Schizophr Res 2005 Feb;73(1):49-54

Clinical Neuropharmacology PO51, Division of Psych. Medicine, Institute of Psychiatry, KCL, Denmark Hill, London SE5 8AF, UK.

There are several lines of evidence implicating the dopamine D3 receptor in the pathophysiology of schizophrenia. The Ser9Gly polymorphism of the dopamine D3 receptor gene (DRD3) has been the most extensively investigated DRD3 variant in connection with the disease but results have been inconclusive. Recent reports indicate that the Ser9Gly polymorphism is in linkage disequilibrium with other markers, but association studies between DRD3 haplotypes and schizophrenia have had mixed results. Genetic heterogeneity may be one of the causes of contradicting results. In order to clarify the role of DRD3 alterations in the aetiology of disease, we have investigated three D3 genetic variants (Ser9Gly, -205-G/A, -7685-G/C) in a sample of patients with schizophrenia or schizoaffective disorder (N=118) and controls (N=162) recruited from a human isolate from Navarra (Northern Spain) of Basque origin. Although no association was found between the Ser9Gly or the -205-A/G polymorphisms and disease, an excess of allele -7685-C was observed in patients (p=0.002 after correction for multiple analyses). Haplotype analysis shows the three markers to be in strong linkage disequilibrium (p<0.0001) and strongly associated with disease (p<1x 10(-5)). These results may suggest that these polymorphisms exert a combined or synergistic effect on susceptibility to schizophrenia, or are in linkage with an unknown causative factor. However, further replication in independent samples is required.
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http://dx.doi.org/10.1016/j.schres.2004.06.011DOI Listing
February 2005

Clinical applications of pharmacogenetics in psychiatry.

Psychopharmacology (Berl) 2002 Jun 25;162(1):18-23. Epub 2002 Apr 25.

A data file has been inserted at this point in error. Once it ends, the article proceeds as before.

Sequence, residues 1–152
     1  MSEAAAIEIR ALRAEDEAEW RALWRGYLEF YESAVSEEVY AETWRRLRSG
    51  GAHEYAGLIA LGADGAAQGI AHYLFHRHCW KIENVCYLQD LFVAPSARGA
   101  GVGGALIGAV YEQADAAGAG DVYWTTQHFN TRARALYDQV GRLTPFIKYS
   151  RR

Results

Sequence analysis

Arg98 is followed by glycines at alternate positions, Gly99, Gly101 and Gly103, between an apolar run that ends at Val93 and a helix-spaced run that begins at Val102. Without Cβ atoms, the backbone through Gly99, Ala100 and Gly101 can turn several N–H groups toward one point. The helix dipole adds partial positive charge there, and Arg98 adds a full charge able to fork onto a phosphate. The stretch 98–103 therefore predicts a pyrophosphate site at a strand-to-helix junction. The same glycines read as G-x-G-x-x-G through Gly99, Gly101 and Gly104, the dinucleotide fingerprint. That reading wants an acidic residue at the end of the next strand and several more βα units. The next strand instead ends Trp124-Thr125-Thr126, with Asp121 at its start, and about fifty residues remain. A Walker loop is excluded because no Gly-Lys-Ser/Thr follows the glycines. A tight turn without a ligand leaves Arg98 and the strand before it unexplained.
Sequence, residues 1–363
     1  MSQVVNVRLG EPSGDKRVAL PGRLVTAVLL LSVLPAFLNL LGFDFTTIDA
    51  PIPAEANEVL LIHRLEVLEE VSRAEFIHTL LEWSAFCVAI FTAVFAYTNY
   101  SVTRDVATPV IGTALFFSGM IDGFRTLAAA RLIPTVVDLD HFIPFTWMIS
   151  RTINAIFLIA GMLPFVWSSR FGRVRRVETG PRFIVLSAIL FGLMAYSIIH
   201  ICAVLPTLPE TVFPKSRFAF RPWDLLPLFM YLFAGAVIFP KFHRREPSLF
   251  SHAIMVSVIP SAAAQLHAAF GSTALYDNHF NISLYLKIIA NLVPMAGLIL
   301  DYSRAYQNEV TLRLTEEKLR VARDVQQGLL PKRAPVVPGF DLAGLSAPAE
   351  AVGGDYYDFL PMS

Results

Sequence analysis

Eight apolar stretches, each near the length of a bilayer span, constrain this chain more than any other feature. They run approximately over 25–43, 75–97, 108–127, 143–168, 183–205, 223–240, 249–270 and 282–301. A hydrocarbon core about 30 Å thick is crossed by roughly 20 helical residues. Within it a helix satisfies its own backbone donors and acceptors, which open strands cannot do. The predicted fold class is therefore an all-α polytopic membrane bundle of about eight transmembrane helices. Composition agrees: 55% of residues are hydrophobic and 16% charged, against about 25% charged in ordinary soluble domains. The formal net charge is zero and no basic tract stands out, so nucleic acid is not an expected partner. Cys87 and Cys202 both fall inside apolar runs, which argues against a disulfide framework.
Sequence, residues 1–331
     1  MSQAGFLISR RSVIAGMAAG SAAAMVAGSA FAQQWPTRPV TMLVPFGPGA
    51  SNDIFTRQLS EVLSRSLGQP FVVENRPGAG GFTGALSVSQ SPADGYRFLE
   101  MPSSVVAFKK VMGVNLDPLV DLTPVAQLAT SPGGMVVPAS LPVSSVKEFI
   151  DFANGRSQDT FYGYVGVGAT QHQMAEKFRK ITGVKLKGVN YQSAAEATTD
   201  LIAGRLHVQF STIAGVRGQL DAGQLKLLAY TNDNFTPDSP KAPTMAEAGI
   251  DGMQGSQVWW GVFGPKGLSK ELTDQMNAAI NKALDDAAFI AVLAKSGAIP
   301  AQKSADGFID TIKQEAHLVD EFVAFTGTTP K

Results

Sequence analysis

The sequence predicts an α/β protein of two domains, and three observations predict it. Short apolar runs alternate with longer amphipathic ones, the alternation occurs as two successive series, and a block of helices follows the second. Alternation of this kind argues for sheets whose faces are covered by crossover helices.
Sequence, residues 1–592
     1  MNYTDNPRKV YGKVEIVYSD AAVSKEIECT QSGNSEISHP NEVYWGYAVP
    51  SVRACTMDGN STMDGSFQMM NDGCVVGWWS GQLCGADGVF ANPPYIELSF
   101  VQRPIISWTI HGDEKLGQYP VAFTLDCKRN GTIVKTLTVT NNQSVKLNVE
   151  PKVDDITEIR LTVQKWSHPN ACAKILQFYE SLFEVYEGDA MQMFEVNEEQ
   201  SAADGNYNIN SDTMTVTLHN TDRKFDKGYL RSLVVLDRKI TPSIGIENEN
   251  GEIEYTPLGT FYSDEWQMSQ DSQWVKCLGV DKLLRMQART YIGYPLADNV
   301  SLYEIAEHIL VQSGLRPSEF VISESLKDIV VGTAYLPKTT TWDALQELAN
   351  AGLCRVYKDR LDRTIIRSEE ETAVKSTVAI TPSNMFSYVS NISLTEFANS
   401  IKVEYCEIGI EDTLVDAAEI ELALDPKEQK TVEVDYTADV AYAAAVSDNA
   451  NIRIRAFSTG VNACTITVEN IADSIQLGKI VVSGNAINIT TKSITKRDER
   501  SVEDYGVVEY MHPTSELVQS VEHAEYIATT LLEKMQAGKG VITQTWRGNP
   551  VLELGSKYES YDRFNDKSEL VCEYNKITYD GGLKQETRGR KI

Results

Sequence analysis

Section of Clinical Neuropharmacology, Institute of Psychiatry, London SE5 8AF, UK.

Pharmacogenetic research has identified response-related mutant variants in metabolic enzymes and drug-targeted receptors. Allelic variants of dopaminergic and serotonergic receptors have been associated with clinical outcome and adverse events such as movement disorders. Deficient metabolic enzymes have been related to drug accumulation and toxic events. This information will help to design safer and more efficient drugs. However, the field is moving rapidly towards a new goal: the application of pharmacogenetics as a clinical tool for the prediction of treatment outcome. The first studies in this direction have proved the feasibility of using genetic information for the prediction of response to antipsychotic drugs and to treatment of Alzheimer's disease. New strategies investigating genes related to specific symptoms and side-effects have produced encouraging results that can contribute to the improvement of the levels and accuracy of the predictions. This review tries to summarise recent advances and provides an overview of future clinical applications.
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http://dx.doi.org/10.1007/s00213-002-1084-4DOI Listing
June 2002